Drowning in Data? The threat to effective Risk Management

Are banks facing sink or swim when it comes to data?

Swimming or drowning? When it comes to data for banks, it can seem like a very fine line indeed.

Half of bank execs polled by the Economist Intelligence Unit (EIU) say a lack of data is the biggest barrier to better risk management. Rather than a shortage of data, it seems many are struggling to properly harvest, collate, analyse and apply it.

According to the study, banks see liquidity and credit risk as presenting the biggest challenges. They also view these two types of risk as offering the biggest potential for improvement.

Why such a focus on these two areas? As the EIU states, the thirst for profits “thins capitalisation and leaves little margin for error”. In particular, short-term credit is a major area for concern and is being tackled in the US at least with the Fed’s new capital requirements for the country’s eight G-SIBs.

Ultimately, it goes to the heart of what banks do. “The common feature of the financial services industry—banks, brokerage firms, hedge funds—is that there is a small amount of equity and a large amount of financing supporting the firm’s assets,” says Robert Chersi, a professor of finance at Pace University in New York.

Risk management is rising in prominence, with four in five banks routinely providing comprehensive reports on the bank’s risk profile to senior executives.

“The types of things that are most commonly requested are the Volcker metric-related variables that show our liquidity, balances, risk ratios and exposures,” says Wells Fargo chief data officer, Charles Thomas.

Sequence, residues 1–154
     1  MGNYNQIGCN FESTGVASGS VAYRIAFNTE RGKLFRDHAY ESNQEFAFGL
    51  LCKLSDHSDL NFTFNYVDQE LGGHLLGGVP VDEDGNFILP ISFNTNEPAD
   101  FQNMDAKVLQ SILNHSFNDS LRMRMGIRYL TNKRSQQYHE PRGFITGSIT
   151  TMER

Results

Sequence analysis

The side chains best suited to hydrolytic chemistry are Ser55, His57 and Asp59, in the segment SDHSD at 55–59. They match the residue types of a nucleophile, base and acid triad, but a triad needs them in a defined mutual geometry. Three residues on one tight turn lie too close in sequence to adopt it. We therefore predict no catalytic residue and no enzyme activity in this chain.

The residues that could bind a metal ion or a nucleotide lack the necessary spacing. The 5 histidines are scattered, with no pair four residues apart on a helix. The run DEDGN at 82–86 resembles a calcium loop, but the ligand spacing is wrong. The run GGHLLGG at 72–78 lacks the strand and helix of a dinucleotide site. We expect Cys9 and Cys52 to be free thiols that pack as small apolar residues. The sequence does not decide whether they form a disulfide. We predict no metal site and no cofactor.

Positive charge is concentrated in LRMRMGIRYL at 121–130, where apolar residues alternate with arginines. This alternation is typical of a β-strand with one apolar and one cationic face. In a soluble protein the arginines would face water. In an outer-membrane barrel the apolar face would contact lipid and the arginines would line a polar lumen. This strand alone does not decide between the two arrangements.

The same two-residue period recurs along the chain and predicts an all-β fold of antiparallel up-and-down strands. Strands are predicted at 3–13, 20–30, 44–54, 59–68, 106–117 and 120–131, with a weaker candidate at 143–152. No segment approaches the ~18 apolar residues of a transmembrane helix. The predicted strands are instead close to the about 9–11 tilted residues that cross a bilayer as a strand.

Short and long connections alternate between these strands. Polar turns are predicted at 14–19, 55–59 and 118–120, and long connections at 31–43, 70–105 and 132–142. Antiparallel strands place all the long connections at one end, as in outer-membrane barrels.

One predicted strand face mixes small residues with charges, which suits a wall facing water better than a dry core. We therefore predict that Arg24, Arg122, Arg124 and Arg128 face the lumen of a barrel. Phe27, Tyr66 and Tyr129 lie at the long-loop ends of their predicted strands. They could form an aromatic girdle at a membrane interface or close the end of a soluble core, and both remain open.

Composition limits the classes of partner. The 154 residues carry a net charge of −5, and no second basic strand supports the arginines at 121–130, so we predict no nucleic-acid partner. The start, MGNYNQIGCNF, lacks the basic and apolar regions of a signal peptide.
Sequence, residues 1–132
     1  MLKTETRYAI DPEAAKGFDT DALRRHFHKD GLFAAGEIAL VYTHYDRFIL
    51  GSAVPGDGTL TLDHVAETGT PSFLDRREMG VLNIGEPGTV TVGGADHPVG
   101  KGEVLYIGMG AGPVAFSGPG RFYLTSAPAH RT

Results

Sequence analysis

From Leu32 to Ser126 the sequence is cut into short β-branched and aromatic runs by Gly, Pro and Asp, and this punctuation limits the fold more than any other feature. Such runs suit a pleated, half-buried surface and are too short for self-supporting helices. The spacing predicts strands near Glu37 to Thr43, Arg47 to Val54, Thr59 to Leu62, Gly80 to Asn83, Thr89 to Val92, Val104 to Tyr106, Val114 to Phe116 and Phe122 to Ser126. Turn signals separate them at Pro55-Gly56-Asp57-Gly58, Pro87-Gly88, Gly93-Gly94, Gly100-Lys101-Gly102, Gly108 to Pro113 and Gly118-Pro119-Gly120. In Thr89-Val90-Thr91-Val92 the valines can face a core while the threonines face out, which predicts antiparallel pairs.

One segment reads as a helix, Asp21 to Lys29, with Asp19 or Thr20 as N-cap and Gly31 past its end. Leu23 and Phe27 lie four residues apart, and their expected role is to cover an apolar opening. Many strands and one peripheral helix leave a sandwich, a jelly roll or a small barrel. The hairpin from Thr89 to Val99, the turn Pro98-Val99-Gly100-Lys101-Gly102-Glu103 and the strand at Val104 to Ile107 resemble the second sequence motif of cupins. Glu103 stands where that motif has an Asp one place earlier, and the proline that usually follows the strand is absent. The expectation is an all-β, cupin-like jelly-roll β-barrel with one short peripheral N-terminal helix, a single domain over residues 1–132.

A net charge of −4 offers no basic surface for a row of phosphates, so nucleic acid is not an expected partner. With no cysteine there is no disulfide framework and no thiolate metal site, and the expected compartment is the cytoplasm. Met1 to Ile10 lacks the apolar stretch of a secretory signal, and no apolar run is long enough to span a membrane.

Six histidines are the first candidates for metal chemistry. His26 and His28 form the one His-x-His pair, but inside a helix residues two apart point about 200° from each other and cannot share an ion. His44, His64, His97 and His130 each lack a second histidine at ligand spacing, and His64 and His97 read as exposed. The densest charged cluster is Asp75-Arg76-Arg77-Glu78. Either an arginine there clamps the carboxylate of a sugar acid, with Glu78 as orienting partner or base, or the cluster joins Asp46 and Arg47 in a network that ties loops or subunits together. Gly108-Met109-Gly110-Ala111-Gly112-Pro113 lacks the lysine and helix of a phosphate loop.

However, they may not have access to the right big data tools to be effective.

Four in ten respondents currently have the ability to integrate, manipulate and query big data when creating risk profiles. Almost half (47 per cent) plan to invest in these areas in the next three years.

The regional split is also interesting. European banks are more worried about liquidity and credit risks than institutions elsewhere.

They’re also much more likely to worry about compliance risk - 25 per cent of European banks versus just eight per cent in Asia-Pacific, for example. Operational risks vary too, with North American banks twice as likely to worry about this as their European counterparts.

Foreign investment risk concerns were highest in North America. Unsurprisingly perhaps given the current squeeze, market risks worry banks in emerging markets more than elsewhere. Certainly when it comes to risk management there are particular local concerns for banks.